tunnels and caverns, etc… Malt 2 row and 6 row barley September through
December from North Dakota and have wheat, soft white winter wheat, coarse
ground corn, and grits supplied by local farmers in Tristate region. Rice to be bought
at wholesale market price. Utilize passive air drying in the rafters and low
temperature kilning / ventilation.
Entice malt companies to operate a seasonal (Sept – January) malting facility at Dick Brothers Brewery in
return for advertising space in the brewery tour and exclusive malt sales to Dick Brother’s microbrewery
using Dick Brother’s proprietary malting techniques.
The gentle air-drying of malted barley led to the creation of the Pilsner style of beer in the mid-1800s. One
of the greatest innovations was the development of gentler malt kilning techniques. The malts used to brew
the first golden colored Pilsner style beers were delicately kilned in an innovative new process in 1842. Kilns
that dried malt with indirect, hot-air heat rather than direct heat.
Fermentation and Lagering
Lager beer is fermented for 7 days at 48: to 52: F and conditioned 3 to 6 weeks at 33: to 38: F.
Beer was typically brewed during the winter and stored for summer use. September and
October were the grain harvest months, October and November were the malting months, and
November, December, and January the brewing months. At the start of their endeavor, the Dick
Brothers were producing 1,500 barrels per year, at 275 barrels per batch, which is about 5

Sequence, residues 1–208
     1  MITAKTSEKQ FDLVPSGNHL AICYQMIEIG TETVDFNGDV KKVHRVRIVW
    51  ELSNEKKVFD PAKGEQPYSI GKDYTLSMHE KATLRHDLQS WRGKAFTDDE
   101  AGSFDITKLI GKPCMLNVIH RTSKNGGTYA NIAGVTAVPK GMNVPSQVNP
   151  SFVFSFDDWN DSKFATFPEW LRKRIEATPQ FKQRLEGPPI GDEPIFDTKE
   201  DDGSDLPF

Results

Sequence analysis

batches over these three winter months. At the height of the Dick Brothers operation, capacity
was at 150,000 barrels a year or approximately 1.5 batches per day year round.
Steep wooden steps lead down into the fermenting cellar. In the old fermenting cellar was a
small well-like opening in the southwest corner which gave access to the storage caverns
another level down.
The tunnel was topped with huge flagstones and was ten feet wide and high. Its arched ceiling
was bricked with old fashioned brick masonry of the lime mortar era. The mortar continued to
be in excellent state of preservation when they were rediscovered in 1939.
This cellar once housed the big wooden beer vats in endless rows. Into these vats aged a mellow
lager beer in a constant temperature of 48 degrees of the caverns. When summer came, the
brewery workers, by the dim light of lanterns, drew off the beer into quarter barrels. The barrels
were then hoisted on a crude chain hoist through the well-like openings into the tunnel cellar
Artificial refrigeration was installed in 1882
Tunnels and Caverns
1857 the Dick Brothers began excavating for a network of storage cellars under the south brewery
750 gallon wooden vats stored beer for lagering in tunnels dug below basement level.
These tunnels consisted of three “laterals” nearly a half block each in length that ran east and west along